Theatre in a Troubled Country: Staging Satire in Pakistan

(Originally published in Blue Pages, the journal of The Society of British Theatre Designers)

Three years ago I had arrived in blazing sunshine to find a fledgling university department, just one year old, stretching its wings. It felt like an exciting time. My visit, backed by the Society of British Theatre Designers (SBTD), was part of a programme of events run by the Department of Theatre of The National College of Arts, Pakistan’s much respected arts university. I had been invited by Claire Pamment, a theatre director and dramaturg I’d worked with in UK, who was now resident in Pakistan and leading the effort to establish the department. My specific remit was to head a week-long seminar leading to a showcase of visual theatre. Entitled Rang, an Urdu word meaning roughly ‘colour’, this ‘performance without actors’, ranged from a tiny puppet holding the attention of the audience to a massive projection of fire filmed live on stage. The seminar, on the other hand, focused on comparing approaches, looking at the boundaries of scenography and investigating what the purely visual can ‘say’ in its own right. Another more general aim of my visit was to raise the department’s profile, engage students in a range of projects and, crucially, to bring together a group of professional artists and designers to discuss how to establish and run what would be the first public funded BA theatre degree in the country.

It was hard work. For one thing there is a lot of traditionalism and conservatism, mainly in the older generation but also present in the young. There were also practical problems; power outages, support staff not used to the demands of theatre and lack of organisational support from the college. I left full of optimism, nonetheless, and with a list of tasks ranging from getting advice on lighting equipment for the campus auditorium, Liaquat Hall, to exploring potential links to UK academics and practitioners.

In late July of last year I arrived in rain to a country that seemed profoundly changed. The army were everywhere and police roadblocks with gun emplacements could be as close as a few hundred meters apart on the roads encircling Islamabad. Private security guards manned barricades and checked the underside of cars for bombs at the entrances not only to key buildings but, for example, my hotel out on the edge of the city. One of the entrances to Liaquat Bagh, the site of our campus, had been turned into a garish memorial for Benazir Bhutto, who had been assassinated there; gun-toting guards manned the other gate. Disillusion with government was growing while the need for security was bandied about as a reason for drastically increased red tape. Education funding was being cut and procrastination by the NCA meant that the Department of Theatre was still not running a BA degree course.

Meanwhile, we were there to stage a play. It was to be the department’s first full production and, as well as making a great piece of theatre, we hoped to enhance the department’s reputation and launch admissions to the new degree course. The play was Dario Fo’s anarchic and satirical masterpiece Can’t Pay Won’t Pay, in an English version, though, like most spoken Pakistani English, it flitted in and out of Urdu. Language, idiom and context were all translated, with songs added. The Pakistani urban lower middle class was portrayed as colourfully and insightfully as Fo’s Italians. This extremely impressive and topical re-write was by Sarmad Sehbai, a highly regarded intellectual, teacher, poet and dramatist: he not only captured the spirit of the piece but assimilated and expanded upon it.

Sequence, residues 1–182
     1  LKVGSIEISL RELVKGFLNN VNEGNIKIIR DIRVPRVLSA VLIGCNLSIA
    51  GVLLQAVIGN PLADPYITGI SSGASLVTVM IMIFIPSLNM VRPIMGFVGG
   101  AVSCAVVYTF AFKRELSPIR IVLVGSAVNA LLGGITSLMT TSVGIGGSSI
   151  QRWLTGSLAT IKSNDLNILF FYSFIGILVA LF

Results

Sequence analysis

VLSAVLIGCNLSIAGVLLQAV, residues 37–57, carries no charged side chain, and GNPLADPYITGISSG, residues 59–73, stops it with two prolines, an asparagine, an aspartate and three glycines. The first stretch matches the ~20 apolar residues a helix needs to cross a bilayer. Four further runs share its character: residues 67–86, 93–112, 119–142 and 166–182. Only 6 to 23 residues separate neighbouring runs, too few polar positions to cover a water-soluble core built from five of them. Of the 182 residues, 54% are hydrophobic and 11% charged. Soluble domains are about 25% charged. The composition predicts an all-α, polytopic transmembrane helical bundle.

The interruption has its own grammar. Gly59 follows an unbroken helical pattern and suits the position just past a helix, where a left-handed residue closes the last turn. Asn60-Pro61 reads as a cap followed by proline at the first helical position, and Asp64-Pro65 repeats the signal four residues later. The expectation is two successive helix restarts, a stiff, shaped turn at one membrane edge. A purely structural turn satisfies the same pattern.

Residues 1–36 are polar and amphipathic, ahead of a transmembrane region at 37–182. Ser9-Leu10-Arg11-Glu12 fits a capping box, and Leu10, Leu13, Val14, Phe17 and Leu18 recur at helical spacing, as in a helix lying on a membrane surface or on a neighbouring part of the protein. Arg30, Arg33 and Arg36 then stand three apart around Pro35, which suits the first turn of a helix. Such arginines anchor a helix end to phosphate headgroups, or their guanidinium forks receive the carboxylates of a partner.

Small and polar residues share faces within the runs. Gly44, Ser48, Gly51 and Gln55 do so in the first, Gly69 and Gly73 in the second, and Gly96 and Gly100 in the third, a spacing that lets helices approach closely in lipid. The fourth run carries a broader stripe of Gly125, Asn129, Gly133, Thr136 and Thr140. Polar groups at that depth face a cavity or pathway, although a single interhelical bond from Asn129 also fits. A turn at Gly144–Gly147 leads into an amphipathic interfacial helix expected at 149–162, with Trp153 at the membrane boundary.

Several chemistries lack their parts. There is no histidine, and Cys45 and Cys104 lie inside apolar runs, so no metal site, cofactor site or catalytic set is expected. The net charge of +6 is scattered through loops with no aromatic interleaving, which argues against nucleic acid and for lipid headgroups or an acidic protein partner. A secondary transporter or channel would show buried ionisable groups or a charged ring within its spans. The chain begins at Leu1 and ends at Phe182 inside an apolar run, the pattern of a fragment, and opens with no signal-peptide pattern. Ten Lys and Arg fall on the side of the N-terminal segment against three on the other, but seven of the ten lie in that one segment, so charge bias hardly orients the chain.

In fact the show brought in a wide range of well-respected talent and experience: the dancer and choreographer Indu Mitha, one of those older artists who seems to exude wisdom, was part of the team and had a cameo in the show, while costumes and make-up were by the much-loved designer Tariq Ameen, who brought a touch of glamour to every room he entered. Dario Fo’s collaborator Mario Pirovano also came over for a few days to run a workshop and perform some of his work. The theatre maker, journalist, previous translator of Fo and founder of the Geo News channel, Imran Aslam, also joined us and was a speaker at a seminar alongside Mario. I was supported by the British Council, again with the backing of the SBTD, to work alongside students to create sets and video projections, as well as to run workshops on scenography and theatre production. In a way, this is a microcosm of how the department works, using some of Pakistan’s most esteemed practicing artists to teach the younger generation, with occasional visits from foreign artists to introduce an international perspective or fill specific knowledge gaps.

If the work three years ago was hard, my second visit felt like a marathon. The reasons for this were engrained and systemic. I often feel humbled by the richness and longevity of the Pakistani cultural heritage and by the fact that so many artists from so many disciplines can relate to this naturally, without any compromise to their modernity. Of course, as in any country, there are also those who just want to stage a step-by-step remake of The Lion King. There’s room for them too but what matters is the huge but often untapped potential for truly home-grown excellence. The failure of many in the establishment to support and nurture this, simply because of cultural pre-conceptions or political expediency, is reprehensible. Even the college itself gave the impression that it barely tolerated the project. Most rehearsals had to be off campus, as access to facilities was limited for spurious ‘security reasons’, and our final rehearsal was cancelled at the last minute because our hall booking was waived in favour of an event for VIPs to cut a birthday cake for the president, though Zardari himself was celebrating elsewhere.

Pakistan’s red-tape culture exacerbated an already difficult situation. Our venue was the prestigious Pakistan National Council for the Arts, an imposing but pleasing architectural fusion of traditional and modern, housing an art collection and auditorium. It is positioned between the Presidential palace and the Marriot Hotel, in the most securely guarded area of Islamabad. Lorries are not normally allowed into the city centre during the day: the Marriot Hotel truck bomb cannot be far from people’s thoughts. On our set-up day our scenery was loaded into one of those ubiquitous painted trucks that are in all the tourist guidebooks, with the rest split between the college van and private cars. In one car was the signed paperwork to get us through. Our little convoy tried to keep together through the clogged streets of Rawalpindi, Islamabad’s sister city where the department is based. Of course we got split up. Luckily we were confident that the lorry would get stopped at every police roadblock, so the convoy had plenty of chances to regroup and we all got plenty of time perched on the kerb by some shabby gun emplacement, breathing in exhaust and cigarette smoke, while calls were made, paperwork checked, policemen got to exercise some power and our booked setting-up time at the venue grew smaller. The last and most difficult policeman only decided he liked us when he discovered one of our group had a cousin in the force. He did insist, however, that when we later went out for dinner we bought him food. I believe that a gift of samosas after the event does not count as bribery.